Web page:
FED MINUTES SHED LIGHT ON QE3 DECISION-MAKING. Minutes from the Federal Reserve’s latest policy-setting meeting, released Thursday, shed light on the range of factors the bank weighed before launching an aggressive, open-ended round of bond-buying last month. Although concerns ranging from the potential difficulty the Fed could face when it later attempts to tighten policy to skepticism that a new round of asset purchases would help the economy were aired, most members of the policy committee ultimately decided the flexible nature of the new program made those risks manageable.
FEC DEADLOCKS ON DISCLOSURE RULES In a 3-3 vote on Thursday, the FEC stalled in its attempt to decide whether to issue new disclosure rules for outside spending groups. The standoff means outside groups can avoid disclosing advertising donations as long as the donations are not earmarked specifically for advertising.
DISAPPOINTMENT ON ELECTRONIC HEALTH RECORDS The case for electronic health records (EHR) are obvious. But there’s little evidence that the technology has lived up to its promise. While large, integrated systems with years of experience, such as Kaiser Permanente, have improved quality and reduced costs, hospitals and doctors outside that model have not seen the same results. Several studies fail to find a clear link between EHR and lower costs and some associated them with higher costs. Moreover, the technology has also been used to increase hospitals’ profits, as the Center for Public Integrity and The New York Times have highlighted. But advocates say it’s too early to fully understand their impact. The problem may be the health system, not the technology.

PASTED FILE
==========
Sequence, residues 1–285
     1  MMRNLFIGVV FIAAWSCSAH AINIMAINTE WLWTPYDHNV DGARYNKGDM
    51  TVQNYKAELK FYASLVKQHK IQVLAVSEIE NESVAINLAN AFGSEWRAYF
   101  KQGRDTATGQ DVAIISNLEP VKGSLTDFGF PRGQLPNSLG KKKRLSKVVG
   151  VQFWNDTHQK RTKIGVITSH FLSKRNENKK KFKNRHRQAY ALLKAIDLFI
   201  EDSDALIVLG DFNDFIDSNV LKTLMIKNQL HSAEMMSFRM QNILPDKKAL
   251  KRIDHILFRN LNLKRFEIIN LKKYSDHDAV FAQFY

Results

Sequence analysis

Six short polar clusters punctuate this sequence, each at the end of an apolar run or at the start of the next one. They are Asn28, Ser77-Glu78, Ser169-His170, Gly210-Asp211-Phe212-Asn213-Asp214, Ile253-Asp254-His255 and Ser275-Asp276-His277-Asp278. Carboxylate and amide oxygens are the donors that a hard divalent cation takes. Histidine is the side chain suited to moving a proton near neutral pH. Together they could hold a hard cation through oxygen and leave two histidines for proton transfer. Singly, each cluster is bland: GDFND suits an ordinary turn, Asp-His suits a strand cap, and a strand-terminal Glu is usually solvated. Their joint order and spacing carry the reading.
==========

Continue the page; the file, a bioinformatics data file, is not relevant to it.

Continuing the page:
FRACKING PUSHING NATURAL GAS ABOVE COAL The fracking boom has natural gas supplanting coal as the nation’s primary energy resource. And nowhere is that shift felt more keenly than in West Virginia. As National Journal reports from the Mountain State, the decline of coal and the rise of natural gas are reshaping the state’s economy. While it may not seem true to West Virginia’s coal miners and hardcore environmentalists, natural gas could be an economic savior for the state—and the country as a whole.
WHAT JAY ROCKEFELLER’S EVOLUTION ON COAL MEANS. To track Sen. Jay Rockefeller’s attitude toward the coal industry over the past three years is to witness the slow death of a relationship between one of West Virginia’s most well-respected lawmakers and the state’s most influential industry. Rockefeller’s evolution on the coal industry reverberates outside the Mountain State as well, because it’s a case study of the growing challenges facing the industry nationwide and the polarizing effect coal can have on the lawmakers representing its interests in Washington.